Introduction 

Restricted growth, sometimes known as dwarfism, is a condition characterised by short stature.

There are two main types of restricted growth:

  • proportionate short stature (PSS) – a general lack of growth, where the length of the trunk and limbs are in proportion
  • disproportionate short stature (DSS) – where the limbs are shorter or out of proportion with other parts of the body

As well as having short stature, some people with restricted growth also have other physical problems, such as bowed legs or an unusually curved spine.

However, most people don't have any other serious problems. They can often live a relatively normal life and have a normal life expectancy.

Read more about the symptoms of restricted growth.

What causes restricted growth?

The most common cause of PSS is being born to small parents, but it can sometimes occur as a result of the body not producing enough growth hormone.

Certain genetic syndromes, such as Turner syndrome and Prader-Willi syndrome, can also cause PSS.

DSS usually occurs as part of a genetic condition, such as achondroplasia. Many children born with DSS have parents of average height and the faulty gene causing the condition occurred by chance.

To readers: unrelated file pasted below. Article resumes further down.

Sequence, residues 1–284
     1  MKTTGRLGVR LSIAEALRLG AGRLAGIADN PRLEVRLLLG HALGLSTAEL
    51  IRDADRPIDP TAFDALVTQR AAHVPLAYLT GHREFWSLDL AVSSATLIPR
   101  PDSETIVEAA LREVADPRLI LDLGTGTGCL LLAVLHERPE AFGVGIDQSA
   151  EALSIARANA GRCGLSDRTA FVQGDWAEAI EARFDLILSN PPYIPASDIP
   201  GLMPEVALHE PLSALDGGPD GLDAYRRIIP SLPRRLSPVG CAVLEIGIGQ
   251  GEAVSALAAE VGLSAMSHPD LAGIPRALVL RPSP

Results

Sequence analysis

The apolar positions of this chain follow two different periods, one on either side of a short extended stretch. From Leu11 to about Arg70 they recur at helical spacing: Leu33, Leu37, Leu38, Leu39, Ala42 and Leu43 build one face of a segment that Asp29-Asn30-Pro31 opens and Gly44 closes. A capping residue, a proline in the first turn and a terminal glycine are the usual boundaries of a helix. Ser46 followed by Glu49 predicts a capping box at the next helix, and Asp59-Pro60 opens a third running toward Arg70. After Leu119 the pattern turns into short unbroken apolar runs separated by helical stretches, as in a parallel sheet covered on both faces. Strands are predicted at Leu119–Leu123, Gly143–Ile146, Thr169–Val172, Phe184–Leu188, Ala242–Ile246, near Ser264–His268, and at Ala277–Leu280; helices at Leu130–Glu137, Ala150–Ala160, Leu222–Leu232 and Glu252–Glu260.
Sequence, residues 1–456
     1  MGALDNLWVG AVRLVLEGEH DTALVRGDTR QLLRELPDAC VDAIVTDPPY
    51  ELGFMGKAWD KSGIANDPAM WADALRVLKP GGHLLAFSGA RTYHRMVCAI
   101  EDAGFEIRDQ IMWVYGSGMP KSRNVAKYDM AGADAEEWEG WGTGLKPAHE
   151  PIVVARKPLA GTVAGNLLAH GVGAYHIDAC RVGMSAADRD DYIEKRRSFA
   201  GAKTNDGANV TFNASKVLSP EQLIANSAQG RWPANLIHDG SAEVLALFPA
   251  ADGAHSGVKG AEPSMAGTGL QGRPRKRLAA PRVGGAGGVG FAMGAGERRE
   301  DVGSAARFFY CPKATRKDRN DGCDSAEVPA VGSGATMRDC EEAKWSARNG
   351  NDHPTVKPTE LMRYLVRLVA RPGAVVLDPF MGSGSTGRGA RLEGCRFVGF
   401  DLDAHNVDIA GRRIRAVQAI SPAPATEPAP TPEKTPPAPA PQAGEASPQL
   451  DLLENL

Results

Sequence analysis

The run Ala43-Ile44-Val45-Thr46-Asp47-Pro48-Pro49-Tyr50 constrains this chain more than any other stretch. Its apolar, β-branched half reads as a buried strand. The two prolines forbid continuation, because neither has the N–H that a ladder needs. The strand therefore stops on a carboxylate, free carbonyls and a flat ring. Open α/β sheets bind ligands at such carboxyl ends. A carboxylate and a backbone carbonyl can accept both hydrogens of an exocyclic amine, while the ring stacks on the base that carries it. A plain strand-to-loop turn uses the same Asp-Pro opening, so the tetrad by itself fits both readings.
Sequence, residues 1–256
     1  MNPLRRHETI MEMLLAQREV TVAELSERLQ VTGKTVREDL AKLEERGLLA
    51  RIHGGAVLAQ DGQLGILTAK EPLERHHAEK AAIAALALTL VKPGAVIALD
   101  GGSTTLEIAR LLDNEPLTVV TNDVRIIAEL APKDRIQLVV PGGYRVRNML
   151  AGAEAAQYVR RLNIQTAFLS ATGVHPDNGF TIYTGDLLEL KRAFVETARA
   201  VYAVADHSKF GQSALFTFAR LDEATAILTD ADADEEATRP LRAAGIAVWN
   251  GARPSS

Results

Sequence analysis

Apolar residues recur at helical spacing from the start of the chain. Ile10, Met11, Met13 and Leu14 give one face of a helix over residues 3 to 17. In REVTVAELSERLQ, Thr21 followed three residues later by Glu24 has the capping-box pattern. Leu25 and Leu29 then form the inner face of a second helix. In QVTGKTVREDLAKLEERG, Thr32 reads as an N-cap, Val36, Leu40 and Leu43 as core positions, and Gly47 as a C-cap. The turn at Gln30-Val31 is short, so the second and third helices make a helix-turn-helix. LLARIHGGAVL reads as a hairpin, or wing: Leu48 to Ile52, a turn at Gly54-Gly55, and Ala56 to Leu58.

If your child is diagnosed with restricted growth, tests will be carried out to try to identify the underlying cause.

Read more about the causes of restricted growth and diagnosing restricted growth.

Managing restricted growth

Treatments recommended for people with restricted growth depend on the cause of the condition and any associated problems they have. A number of different healthcare professionals will usually be involved in your care.

Some people with restricted growth may benefit from treatment with growth hormone injections, which can help a child with restricted growth grow more than they otherwise would.

In cases of DSS where the legs are particularly short, a leg-lengthening procedure is sometimes used, although this is controversial and there is uncertainty about its safety and effectiveness.

Read more about treatments for restricted growth.




Page last reviewed: 05/03/2015

Next review due: 05/03/2017